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Do varying views of the Bible explain U.S., Canada differences?

NASHVILLE, Tenn. (BP)–Could varying beliefs about the Bible be at the heart of differences between Americans and Canadians on such moral issues as abortion and same-sex “marriage”?

New polling released Jan. 4 by the Gallup Organization suggests that could be the case.

Gallup polled approximately 1,000 adults in each country and found that Americans are considerably more conservative in their view of the Bible. Additional polling has found that Canadians are much more liberal on the hot-button social issues of the day — such as abortion and “gay marriage.”

Tom Minnery, vice president of government and public policy at Focus on the Family, says a society’s beliefs about the Bible also impact its beliefs on moral issues.

“I think it’s only common sense that there is a connection,” Minnery told Baptist Press. “In Western society the basis of moral principles is the Bible. As one loses one’s belief in the Bible as the authoritative Word of God, one tends to stray away from moral principles that once were honored.

“… We’ve seen that in Canada on the marriage issue and its embrace of the homosexual agenda.”

Those polled were given three statements to choose from regarding their view of the Bible.

In America, 34 percent agreed with the statement that “the Bible is the actual word of God and is to be taken literally, word for word.” Only 17 percent of Canadians agreed with the statement.

In the second statement, 48 percent of Americans and 51 percent of Canadians agreed that the Bible “is the inspired word of God but not everything in it should be taken literally.”

Combining the two statements, 82 percent of Americans but 68 percent of Canadians believed that the Bible is either the “actual word of God” or the “inspired word of God.”

In the third category, 29 percent of Canadians and 15 percent of Americans said they believed the Bible is “an ancient book of fables, legends, history and moral precepts recorded by man.”

In a separate poll, 81 percent of Americans said they believe in God; only 64 percent of Canadians said they do.

Meanwhile, other polling by Gallup has shown Canadians to be more liberal on moral issues. For instance, 53 percent of Canadians but only 40 percent of Americans say that abortion is “morally acceptable.” On another issue, 60 percent of Canadians but 42 percent of Americans say that homosexual behavior is morally acceptable.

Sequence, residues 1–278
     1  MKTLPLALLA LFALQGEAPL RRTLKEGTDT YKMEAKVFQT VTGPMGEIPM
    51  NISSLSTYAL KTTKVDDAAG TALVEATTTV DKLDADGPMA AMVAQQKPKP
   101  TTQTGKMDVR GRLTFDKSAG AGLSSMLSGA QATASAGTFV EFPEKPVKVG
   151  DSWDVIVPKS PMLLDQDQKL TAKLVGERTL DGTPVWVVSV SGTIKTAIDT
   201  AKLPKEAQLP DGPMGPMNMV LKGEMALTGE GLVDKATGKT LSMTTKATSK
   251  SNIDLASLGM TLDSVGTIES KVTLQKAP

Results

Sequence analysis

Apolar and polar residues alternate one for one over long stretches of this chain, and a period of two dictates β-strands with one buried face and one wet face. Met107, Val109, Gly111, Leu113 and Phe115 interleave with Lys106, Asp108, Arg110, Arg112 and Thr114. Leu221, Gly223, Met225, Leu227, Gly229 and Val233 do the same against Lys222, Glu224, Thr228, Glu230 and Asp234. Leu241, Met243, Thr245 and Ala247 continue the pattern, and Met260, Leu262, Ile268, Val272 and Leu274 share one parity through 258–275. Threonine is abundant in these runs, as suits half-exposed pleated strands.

In fact, homosexuality may be where the two countries differ the most. Fifty-four percent of Canadians believe that homosexuality is “something a person is born with.” Only 37 percent of Americans agreed with the statement. In addition, 51 percent of Canadians favor same-sex “marriage” legalization while only 35 percent of Americans do so. Same-sex “marriage” is legal in seven of the 10 Canadian provinces, and the federal government is moving to legalize it nationwide.

On premarital sex, 78 percent of Canadians say it is acceptable, while 60 percent of Americans do so. But on childbirth out of wedlock, there’s a much wider gap — 73 percent of Canadians say it’s acceptable; 49 percent of Americans say it’s OK.

Not surprisingly, the differences between the two groups of citizens also can be seen in church attendance. Twenty-eight percent of Americans but 16 percent of Canadians say they attend church weekly. As for those who seldom or never attend church, the number is 62 percent in Canada but 42 percent in America.

Minnery says that the data should provide a warning to Americans.

“I think Americans should be very concerned because I think we’re on the same path as Canada,” he said. “We have a lot of independent media in this country that’s religious. We have a lot of independent churches, and many of them are conservative, and that’s a blessing — and that’s why we’re not as far along. But we will get there if people are not eternally vigilant to hold onto moral values.”

The polls relating to biblical beliefs were conducted by Gallup in the U.S. Dec. 5-8 among 1,016 adults and in Canada Dec. 6-12 among 1,004 adults.

The remaining data was collected by Gallup in two separate polls. The poll in the U.S. was conducted May 2-4 among 1,000 adults, and in Canada Aug. 30-Sept. 6 among 1,005 adults.

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  • Michael Foust